Ahmed Nasr, University of Central Florida. Ahmed is a PhD student in the Department of Civil, Environmental, and Construction Engineering and is interested in hydrology, coastal engineering, and flood risk management. For his PhD dissertation, Ahmed is researching the broad topic of compound flooding where different flooding drivers (coastal, fluvial, and/or pluvial) occur concurrently or in close succession and thus exacerbating impacts. Ahmed is studying the dependence between those flooding drivers at various coastal locations around the U.S. coastline with several communities in Florida. This will lead to improved understanding and increase resilience in coastal communities. Ahmed obtained his master’s degree in flood risk management from IHE Delft Institute for Water Education in the Netherlands and his bachelor’s degree in civil engineering (with honors) from Cairo University in Egypt. Ahmed is interested in applied research that can benefit the scientific and engineering communities and wishes to pursue a career as an academic and consultant in flood risk management.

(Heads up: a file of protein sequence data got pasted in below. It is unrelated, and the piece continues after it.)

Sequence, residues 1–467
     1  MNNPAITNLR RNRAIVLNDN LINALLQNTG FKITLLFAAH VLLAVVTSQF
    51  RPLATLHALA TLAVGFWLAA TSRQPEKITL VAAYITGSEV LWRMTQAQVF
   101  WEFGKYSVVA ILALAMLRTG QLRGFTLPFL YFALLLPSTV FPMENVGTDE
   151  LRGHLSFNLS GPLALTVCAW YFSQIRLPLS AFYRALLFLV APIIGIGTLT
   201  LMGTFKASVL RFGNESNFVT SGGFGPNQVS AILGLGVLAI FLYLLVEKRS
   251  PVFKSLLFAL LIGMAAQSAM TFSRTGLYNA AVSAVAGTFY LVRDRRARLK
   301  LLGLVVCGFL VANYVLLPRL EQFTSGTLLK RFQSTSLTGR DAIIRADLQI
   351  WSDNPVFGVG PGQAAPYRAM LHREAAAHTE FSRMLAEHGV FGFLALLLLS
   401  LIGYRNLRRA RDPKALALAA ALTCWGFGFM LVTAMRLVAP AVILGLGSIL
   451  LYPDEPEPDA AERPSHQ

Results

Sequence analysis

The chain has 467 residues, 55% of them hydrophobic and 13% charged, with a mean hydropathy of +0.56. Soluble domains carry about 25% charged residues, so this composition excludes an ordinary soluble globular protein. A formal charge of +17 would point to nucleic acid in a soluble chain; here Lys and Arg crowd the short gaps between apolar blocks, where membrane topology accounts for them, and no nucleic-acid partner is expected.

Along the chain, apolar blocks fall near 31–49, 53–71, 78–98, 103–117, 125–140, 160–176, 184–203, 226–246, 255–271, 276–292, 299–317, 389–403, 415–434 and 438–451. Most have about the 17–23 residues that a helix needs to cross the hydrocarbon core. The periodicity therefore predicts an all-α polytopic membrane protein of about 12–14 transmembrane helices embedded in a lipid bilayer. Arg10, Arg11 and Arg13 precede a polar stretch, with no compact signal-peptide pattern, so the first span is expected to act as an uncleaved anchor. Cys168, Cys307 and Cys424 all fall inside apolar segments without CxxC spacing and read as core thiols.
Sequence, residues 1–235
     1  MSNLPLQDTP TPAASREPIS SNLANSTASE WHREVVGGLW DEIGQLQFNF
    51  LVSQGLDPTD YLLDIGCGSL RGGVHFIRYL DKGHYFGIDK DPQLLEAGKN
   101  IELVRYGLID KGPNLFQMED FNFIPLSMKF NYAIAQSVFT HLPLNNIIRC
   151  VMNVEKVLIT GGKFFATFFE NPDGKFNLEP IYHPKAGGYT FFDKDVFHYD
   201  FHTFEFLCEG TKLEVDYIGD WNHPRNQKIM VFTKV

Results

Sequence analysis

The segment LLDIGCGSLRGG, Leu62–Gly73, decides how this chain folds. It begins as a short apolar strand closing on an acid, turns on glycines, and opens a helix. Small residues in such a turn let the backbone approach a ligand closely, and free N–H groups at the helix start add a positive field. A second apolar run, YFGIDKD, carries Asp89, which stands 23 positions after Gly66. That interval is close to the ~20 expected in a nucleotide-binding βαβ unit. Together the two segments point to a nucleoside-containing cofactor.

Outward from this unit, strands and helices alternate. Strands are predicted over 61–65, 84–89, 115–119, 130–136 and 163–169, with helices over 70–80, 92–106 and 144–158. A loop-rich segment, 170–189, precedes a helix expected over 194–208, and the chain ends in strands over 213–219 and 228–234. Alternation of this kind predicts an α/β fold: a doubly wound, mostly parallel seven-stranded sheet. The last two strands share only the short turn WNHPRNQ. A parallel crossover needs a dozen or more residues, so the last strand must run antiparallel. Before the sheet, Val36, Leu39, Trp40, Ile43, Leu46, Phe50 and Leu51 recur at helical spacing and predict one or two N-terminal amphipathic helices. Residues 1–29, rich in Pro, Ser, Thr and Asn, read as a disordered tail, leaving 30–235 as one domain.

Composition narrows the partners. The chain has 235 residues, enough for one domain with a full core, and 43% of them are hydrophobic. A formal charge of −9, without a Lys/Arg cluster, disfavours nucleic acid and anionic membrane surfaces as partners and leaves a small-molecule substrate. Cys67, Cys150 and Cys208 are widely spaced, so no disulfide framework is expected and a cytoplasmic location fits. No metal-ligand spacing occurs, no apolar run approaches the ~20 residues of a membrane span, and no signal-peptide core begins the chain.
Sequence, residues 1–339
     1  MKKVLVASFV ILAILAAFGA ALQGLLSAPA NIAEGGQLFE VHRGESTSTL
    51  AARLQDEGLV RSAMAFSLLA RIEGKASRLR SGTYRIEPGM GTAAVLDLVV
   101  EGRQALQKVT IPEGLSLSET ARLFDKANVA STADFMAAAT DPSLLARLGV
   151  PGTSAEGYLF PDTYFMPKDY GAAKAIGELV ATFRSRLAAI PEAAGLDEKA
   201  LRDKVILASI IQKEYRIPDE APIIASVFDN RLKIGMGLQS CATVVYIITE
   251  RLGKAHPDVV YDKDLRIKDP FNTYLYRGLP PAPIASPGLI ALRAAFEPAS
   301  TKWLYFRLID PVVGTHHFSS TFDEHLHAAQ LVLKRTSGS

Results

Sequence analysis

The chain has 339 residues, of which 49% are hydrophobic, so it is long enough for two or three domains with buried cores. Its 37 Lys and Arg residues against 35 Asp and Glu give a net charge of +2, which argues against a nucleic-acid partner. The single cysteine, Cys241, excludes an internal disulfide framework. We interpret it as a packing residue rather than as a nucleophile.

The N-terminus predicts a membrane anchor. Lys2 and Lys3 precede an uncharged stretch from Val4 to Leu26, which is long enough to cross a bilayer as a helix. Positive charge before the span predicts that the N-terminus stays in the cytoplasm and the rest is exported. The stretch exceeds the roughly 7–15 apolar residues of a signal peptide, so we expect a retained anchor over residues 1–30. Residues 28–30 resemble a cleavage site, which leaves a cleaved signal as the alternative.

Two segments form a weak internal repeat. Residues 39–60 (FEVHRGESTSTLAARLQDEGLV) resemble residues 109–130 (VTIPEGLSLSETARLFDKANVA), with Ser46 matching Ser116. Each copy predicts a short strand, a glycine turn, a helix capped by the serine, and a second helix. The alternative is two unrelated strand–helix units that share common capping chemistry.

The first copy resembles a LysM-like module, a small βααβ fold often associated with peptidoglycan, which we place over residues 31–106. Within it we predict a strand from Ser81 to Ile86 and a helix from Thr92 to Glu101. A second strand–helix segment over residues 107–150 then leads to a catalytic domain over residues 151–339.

Cierra Braga, Florida Institute of Technology. Cierra is a PhD student at the Florida Institute of Technology studying Oceanography. As someone who has grown up in Florida, the impacts of invasive species on the environment in both terrestrial and aquatic habitats has been a notable topic discussed throughout her entire life. Cierra is currently researching more environmentally friendly applications for biofouling prevention in our marine environment compared to the common chemical-based paints which can leach into the surrounding water column. Invasive species can be transported from one location to another via ship hulls and ballast water, and as such, biofouling is a concern in ports all over the world that have sensitive ecosystems and have the potential to be significantly altered due to the introduction of a non-native organism that lacks local predators. One of these more environmentally friendly biofouling prevention methods that is currently being investigated as a viable application is ultraviolet C light (UVC). Cierra’s dissertation research focuses on using UVC light as a biofouling prevention method and will investigate the impacts of UVC exposure on both target and non-target organisms. In addition to her studies, Cierra has worked as an environmental scientist and as an education program staff member at a zoological facility. Future career goals are to teach and perform research in academia.